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Secular Judges and the Rise of Religious Diversity in Europe: Balancing Between Recognition of Group Identity and Respect of the State Traditions?

12:10-1:45 pm
Room 127, Yale Law School


The Honorable Lech Garlicki
Visiting Professor of Law and Peter and Patricia Gruber Fellow in Global Justice, Yale Law School
Justice, European Court of Human Rights, 2002-2012
Judge, Constitutional Court of Poland, 1993-2001

The Honorable Dieter Grimm
Visiting Professor of Law and Peter and Patricia Gruber Fellow in Global Justice, Yale Law School
Justice, Federal Constitutional Court of Germany, 1987-1999

In contemporary liberal societies, effective governance requires balancing individuals’ concerns with the state’s need to maintain general rules and standards. Disputes over religious liberty set these competing interests into stark relief and pose complex questions to secular judges. The rise of religious diversity in Europe poses new questions to the governments and to the courts at both the national and European levels. Can a democratic state ban the wearing of religious clothes or the practice of some religious rituals? Ought prison staff be required to prepare vegetarian meals for a Buddhist inmate? Should a court postpone its meeting set on Yom Kippur because a Jewish lawyer requests it? Answering these questions demands a consideration not only of how to weigh these competing interests, but also of the extent to which secular authorities should assess religious obligations.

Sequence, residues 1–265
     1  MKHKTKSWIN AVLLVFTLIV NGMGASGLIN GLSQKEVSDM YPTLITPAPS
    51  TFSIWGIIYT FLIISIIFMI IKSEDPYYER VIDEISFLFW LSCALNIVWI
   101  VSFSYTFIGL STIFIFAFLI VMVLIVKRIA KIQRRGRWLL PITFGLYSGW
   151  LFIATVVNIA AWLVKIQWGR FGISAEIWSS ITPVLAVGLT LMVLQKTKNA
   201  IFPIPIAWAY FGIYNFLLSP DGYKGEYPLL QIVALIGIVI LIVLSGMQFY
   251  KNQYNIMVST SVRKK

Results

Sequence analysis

In much of Europe, courts have frequently turned to proportionality analysis to determine what provisions ought be allowed for individuals’ religious liberty, but their decisions express very different outcomes and reasoning. All are welcome to hear from our speakers who as European judges had to deal with some of these cases.

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